We should really treasure our ‘niceness’ and reserve it for people who deserve them at the right moments.
This is unfortunately linked to how, naturally, we love things that are rare and limited. Think limited edition stuff. Think pre-order and out of stock stuff. Think stuff that stretch your budget. Don’t these things just appear more valuable? So of course, if this thing is something that you need to invest in, work for, and it is not easy to come by, obviously you are going to treasure it. So, make sure we behave to reflect so! This is, again, not about playing hard to get, but for the fact that we are all limited edition (only 1 in the whole damn word, in fact!) merchandise called creatures deserving of love and respect and not some mass-produced free-for-all items up for grab that need persuasion and begging for somebody to pick us off the shelf. And we should act like it. Our partners should register that, feel that, and know that. We should help them to see this, realise this, and not disillusion them to believe that we are the latter.
We need to stop cheapening our nice good deeds and actually make them count.
And that is something I need to learn.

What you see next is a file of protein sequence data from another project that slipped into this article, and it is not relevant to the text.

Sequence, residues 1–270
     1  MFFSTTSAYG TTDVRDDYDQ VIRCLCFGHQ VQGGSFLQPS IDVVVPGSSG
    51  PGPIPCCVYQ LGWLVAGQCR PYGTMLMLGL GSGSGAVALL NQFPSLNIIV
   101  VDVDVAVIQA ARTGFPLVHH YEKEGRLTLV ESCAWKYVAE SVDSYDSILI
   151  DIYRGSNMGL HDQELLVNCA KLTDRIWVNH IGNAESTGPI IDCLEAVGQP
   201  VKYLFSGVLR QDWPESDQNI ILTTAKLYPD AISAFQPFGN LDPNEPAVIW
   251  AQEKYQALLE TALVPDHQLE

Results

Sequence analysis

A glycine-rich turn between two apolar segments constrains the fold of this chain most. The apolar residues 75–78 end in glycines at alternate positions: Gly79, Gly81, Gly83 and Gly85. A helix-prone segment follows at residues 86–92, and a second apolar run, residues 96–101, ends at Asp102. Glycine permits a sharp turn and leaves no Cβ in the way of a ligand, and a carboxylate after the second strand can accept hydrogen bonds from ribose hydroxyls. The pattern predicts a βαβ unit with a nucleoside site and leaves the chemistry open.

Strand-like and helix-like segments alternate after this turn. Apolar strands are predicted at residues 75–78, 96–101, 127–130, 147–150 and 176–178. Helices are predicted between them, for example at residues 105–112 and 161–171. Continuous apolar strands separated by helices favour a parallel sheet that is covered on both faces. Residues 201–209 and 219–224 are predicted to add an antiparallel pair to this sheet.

I no longer want to be nice when somebody doesn’t deserve it. I no longer want to give my all to a partner who is not worth it. A partner who does not invest in me and the relationship. A partner who does not appreciate. And I do not want to sabotage my own happiness, my own self worth and my partner’s view of me because of my selfish need and want to be nice.
Giving is still a great joy to me. It brings me so much, so much joy when I know that I am giving to my partner and that is not going to change. Nothing brings me more joy than working to build a meaningful relationship with someone who invests together with me to forge a bond that lasts and withstand the storms in life. I am not afraid of hardwork and hardship. And this, will never change. I love love and will never stop loving love.
Just that for now, I want nice people to finish first.
I want me to finish first.
By being nice to myself.
And I shall.